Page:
Next Albrecht Keiser for STEAG Powitec GmbH spoke about the implications for selective non-catalytic reduction (SNCR) of Germany’s latest NOx/NH3 regulations, which inevitably involve ever-more stringent and lower limits. Albrecht suggested that hitting some targets is simple with a good temperature window, but hitting both NOx and NH3 targets, all the time using a ‘better’ temperature window, is that much harder. By 2019, no allowance will be made in the regulations for ammonia slip (excess, unreacted ammonia) from SNCR, meaning that a ‘perfect’ (higher) temperature window will need to be hit every time for NOx and NH3. This can be a challenge with fluctuating process conditions (O2, gas speed, fluctuating AF compositions) and with older or ‘idiosyncratic’ plants. Albrecht’s company can supply an on-line computational fluid dynamics (CFD) calculation system to allow optimised reagent injection, in order to create the best possible set points for the ammonia injection nozzles.
Matthias Mersmann of aixergee process optimisation GmbH continued on a similar theme, about how to achieve low levels of NOx and NH3 without the use of a catalyst. Both SNCR and selective catalytic reduction (SCR) use injected ammonia or urea to reduce NOx levels, but in higher-capex SCR a catalyst is used to transform NH3 to N2 and water. With lower-capex SNCR, temperature, retention time and mixing can be limiting factors of process efficiency. Ammonia must be injected at temperatures of 850-1050°C, retention time must be above 0.5-1 second, while there should be intense mixing immediately after injection. The burnout of solid fuels should have been completed by the injection point, while there should also be low levels of CO, which otherwise delays the kinetics of the SNCR reactions. CFD-based SNCR optimisation provides information on temperatures, NOx and CO concentrations, turbulence, retention times and fuels burnout, while at the same time calculating the optimum injection point for reagents. Matthias gave an example of a European cement plant which had NOx emissions of 500-600mg/m3N, which has successfully used SNCR to reduce NOx emissions levels to the legal limit of 400mg/m3N at the stack. However, the situation was not ‘future-proof’ in that it would not cope with forthcoming lower emission level regulations. The system was extensively modelled with CFD, with gas measurements backing-up the modelilng. A new injection point was added to the calciner, on the basis of the CFD modelling. The new injection station brought about a reduction in NOx, down to a minimum of 200mg/m3N, without recourse to SCR.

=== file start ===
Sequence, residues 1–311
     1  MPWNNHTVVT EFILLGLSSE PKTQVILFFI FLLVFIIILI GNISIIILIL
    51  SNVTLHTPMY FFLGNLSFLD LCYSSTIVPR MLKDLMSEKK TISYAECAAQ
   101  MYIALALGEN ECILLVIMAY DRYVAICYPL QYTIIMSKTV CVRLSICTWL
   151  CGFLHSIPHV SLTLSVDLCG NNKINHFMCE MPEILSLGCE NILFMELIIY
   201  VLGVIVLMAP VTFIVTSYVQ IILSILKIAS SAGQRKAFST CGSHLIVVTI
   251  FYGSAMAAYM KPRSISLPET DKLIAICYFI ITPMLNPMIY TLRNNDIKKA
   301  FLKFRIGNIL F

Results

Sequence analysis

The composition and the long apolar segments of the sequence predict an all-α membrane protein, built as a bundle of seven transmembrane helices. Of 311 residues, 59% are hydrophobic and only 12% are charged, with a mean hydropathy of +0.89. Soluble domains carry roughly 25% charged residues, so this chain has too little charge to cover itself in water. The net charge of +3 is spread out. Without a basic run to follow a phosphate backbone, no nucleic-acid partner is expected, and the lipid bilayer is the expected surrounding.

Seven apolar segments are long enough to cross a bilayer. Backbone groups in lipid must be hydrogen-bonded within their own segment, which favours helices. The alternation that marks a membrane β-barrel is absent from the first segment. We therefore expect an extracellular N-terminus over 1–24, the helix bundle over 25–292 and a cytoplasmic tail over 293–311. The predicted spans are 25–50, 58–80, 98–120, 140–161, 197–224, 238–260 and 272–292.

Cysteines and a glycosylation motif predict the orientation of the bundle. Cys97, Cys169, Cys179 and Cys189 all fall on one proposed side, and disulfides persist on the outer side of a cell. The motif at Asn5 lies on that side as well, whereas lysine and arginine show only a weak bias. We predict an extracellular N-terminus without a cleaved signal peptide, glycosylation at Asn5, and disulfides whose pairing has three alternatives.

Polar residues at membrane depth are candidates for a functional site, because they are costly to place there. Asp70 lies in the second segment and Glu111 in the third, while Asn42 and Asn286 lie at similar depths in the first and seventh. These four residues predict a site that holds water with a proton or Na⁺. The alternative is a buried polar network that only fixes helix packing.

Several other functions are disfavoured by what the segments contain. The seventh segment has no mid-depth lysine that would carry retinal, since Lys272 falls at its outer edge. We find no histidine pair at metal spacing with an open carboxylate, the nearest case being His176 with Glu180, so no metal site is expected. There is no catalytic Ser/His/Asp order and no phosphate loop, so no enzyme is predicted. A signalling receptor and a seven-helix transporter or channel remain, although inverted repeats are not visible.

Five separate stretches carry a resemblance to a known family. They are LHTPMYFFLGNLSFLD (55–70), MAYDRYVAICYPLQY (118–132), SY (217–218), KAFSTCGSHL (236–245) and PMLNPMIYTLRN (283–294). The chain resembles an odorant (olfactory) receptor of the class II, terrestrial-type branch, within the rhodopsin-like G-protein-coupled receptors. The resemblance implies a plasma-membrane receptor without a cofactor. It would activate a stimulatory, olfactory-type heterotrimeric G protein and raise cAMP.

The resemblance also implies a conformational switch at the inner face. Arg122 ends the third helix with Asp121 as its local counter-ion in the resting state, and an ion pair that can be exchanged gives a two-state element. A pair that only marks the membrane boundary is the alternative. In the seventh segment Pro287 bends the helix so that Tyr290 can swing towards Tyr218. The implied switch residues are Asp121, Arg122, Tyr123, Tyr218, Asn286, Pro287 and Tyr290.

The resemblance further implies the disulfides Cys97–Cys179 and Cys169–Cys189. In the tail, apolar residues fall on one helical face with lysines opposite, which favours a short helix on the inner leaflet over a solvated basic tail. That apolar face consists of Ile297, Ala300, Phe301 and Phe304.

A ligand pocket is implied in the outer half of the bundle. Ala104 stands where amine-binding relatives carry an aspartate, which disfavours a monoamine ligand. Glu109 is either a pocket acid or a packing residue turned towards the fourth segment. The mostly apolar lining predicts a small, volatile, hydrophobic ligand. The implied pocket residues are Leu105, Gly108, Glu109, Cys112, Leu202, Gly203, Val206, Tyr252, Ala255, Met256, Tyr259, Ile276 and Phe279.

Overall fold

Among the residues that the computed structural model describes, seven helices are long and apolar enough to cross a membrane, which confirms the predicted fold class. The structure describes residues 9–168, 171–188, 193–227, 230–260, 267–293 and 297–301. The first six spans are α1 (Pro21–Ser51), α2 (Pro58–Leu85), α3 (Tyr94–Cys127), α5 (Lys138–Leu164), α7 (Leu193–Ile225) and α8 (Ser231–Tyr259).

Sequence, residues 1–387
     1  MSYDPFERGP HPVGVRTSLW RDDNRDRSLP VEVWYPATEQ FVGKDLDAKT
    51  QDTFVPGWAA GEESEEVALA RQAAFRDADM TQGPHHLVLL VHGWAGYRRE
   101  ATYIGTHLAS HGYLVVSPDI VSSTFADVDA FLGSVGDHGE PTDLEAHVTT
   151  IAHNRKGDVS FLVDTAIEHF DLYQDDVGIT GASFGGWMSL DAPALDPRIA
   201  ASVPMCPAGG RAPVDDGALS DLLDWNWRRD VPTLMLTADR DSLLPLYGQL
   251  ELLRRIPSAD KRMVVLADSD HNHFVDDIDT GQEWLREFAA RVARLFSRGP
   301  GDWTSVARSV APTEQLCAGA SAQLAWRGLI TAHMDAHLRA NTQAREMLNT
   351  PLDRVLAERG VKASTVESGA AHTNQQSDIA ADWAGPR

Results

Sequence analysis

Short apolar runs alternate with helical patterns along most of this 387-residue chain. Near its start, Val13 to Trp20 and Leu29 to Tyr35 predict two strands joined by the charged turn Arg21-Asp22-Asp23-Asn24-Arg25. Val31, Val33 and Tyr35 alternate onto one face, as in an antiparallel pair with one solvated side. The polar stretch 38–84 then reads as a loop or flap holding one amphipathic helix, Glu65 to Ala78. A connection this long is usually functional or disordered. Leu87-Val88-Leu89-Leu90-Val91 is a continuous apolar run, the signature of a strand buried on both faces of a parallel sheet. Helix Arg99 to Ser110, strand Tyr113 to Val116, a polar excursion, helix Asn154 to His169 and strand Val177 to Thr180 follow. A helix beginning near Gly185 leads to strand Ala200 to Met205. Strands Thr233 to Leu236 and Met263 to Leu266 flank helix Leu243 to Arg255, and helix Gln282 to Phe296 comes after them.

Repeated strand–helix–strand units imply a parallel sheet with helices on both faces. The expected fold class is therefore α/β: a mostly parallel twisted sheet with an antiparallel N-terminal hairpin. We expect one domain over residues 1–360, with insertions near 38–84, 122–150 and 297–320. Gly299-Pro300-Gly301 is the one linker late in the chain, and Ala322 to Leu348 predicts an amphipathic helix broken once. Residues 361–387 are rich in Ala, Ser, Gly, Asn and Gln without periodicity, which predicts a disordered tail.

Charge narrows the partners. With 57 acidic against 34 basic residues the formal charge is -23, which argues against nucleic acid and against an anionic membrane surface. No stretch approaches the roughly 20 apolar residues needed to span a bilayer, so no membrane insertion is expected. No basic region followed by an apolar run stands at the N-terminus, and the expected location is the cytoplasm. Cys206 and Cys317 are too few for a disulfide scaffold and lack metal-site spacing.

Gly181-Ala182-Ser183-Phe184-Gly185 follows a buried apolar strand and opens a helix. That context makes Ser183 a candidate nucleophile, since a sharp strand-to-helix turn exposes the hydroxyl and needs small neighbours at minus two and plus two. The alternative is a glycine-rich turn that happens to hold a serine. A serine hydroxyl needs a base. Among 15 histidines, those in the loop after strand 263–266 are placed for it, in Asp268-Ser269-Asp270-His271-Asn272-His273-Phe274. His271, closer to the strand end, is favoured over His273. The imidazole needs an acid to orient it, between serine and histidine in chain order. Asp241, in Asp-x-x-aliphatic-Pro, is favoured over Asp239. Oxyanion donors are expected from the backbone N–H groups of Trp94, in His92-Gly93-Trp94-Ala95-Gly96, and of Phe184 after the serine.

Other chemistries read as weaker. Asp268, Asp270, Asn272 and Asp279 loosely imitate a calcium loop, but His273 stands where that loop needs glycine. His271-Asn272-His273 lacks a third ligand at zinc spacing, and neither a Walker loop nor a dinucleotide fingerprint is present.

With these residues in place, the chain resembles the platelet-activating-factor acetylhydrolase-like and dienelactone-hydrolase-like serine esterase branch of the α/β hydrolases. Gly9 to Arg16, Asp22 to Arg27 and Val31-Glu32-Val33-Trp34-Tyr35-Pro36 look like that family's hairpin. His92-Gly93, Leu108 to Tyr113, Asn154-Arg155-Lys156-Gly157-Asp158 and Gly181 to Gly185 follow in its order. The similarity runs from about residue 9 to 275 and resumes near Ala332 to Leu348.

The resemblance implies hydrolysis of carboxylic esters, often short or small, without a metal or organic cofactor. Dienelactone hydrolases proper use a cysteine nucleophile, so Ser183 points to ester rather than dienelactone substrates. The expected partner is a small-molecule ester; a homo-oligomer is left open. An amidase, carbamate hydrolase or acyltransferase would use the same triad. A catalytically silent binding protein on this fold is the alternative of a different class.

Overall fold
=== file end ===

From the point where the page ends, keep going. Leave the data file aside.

Georg Lechner of Scheuch GmbH went on to give details of his company’s technologies for particulate matter (PM), NOx, volatile organic compounds (VOC) and mercury reduction. The catalyst in SCR reduces the activation energy for reactions, in this case down to 200-400°C, leading to high efficiencies and lower reagent costs, as well as reducing the possibilities for ammonia slip. Scheuch can provide SCR installations for both high-dust and low-dust positions, as well as the proprietary DeCoNOx process, which combines regenerative thermal oxidation (RTO) with a low-dust SCR to also reduce CO and VOCs. Such a system has been installed at the Kirchdorfer Zement plant in Austria, combined with a waste heat recovery (WHR) system, with all project guarantees met, including <200mg/m3N NOx and 99% reduction of CO (with the high CO levels allowing the system to run autothermally, without additional fuel). In addition, Scheuch now offers the ‘Xmercury’ system to ‘break’ the mercury cycle. Filter dust from the kiln/mill filter, which is highly contaminated with mercury, is sent to the split preheater (a separate smaller preheater located beside the standard preheater tower). Dust is heated up and releases gaseous mercury. Afterwards the 'mercury-free dust' is captured by the hot gas filter. Mercury-laden gas passes this hot gas filter. Afterwards water is injected to cool down the gas, at the same time as sorbent is injected. At a lower temperature the mercury 'connects' with the sorbent. This mercury-laden sorbent is finally captured by the sorbent bag filter. Sorbent is disposed-of to bins, while mercury-free exhaust gas is put back to the system. The Xmercury system has been installed at the Wietersdorfer Zement plant and the system has achieved mercury reduction of around 80%, “with low disposal costs, no thermal losses and easy operation.”